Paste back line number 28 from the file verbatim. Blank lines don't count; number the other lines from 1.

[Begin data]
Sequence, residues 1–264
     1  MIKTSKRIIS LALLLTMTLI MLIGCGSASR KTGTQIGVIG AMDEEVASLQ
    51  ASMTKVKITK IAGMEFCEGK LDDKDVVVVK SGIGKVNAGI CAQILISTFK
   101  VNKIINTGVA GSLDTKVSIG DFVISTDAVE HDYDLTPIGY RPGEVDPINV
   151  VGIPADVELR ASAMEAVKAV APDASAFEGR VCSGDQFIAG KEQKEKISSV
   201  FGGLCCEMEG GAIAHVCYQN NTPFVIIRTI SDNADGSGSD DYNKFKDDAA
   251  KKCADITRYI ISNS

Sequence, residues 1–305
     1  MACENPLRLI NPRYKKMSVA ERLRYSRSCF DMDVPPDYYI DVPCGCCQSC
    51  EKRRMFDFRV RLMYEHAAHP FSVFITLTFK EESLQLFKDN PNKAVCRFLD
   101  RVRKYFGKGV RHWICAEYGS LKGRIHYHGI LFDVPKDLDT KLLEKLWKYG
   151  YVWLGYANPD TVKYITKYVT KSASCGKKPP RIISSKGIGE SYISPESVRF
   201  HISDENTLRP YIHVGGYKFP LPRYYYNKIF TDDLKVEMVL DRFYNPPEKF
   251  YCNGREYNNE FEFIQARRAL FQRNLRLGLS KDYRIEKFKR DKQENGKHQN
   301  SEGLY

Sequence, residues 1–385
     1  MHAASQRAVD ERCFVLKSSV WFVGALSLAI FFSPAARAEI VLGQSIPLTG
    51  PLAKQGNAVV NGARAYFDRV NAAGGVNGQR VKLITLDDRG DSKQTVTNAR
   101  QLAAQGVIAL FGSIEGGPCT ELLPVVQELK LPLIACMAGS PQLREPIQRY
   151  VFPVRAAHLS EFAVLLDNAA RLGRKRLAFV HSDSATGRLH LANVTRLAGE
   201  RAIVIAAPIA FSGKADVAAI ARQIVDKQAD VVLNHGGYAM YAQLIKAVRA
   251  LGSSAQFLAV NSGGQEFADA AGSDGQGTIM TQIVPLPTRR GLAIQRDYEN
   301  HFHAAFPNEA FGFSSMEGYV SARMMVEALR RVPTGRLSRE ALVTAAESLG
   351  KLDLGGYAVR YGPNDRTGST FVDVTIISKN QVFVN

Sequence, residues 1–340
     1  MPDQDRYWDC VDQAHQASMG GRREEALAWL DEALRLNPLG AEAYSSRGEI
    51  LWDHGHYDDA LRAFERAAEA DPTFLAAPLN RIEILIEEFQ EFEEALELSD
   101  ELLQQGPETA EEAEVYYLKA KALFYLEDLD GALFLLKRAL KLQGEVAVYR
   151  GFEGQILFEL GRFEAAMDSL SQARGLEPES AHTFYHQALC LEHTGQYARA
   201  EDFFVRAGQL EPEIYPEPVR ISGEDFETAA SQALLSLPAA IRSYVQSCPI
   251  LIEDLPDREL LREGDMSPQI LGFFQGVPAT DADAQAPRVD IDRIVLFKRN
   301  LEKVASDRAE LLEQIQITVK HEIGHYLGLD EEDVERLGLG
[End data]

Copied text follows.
   101  ELLQQGPETA EEAEVYYLKA KALFYLEDLD GALFLLKRAL KLQGEVAVYR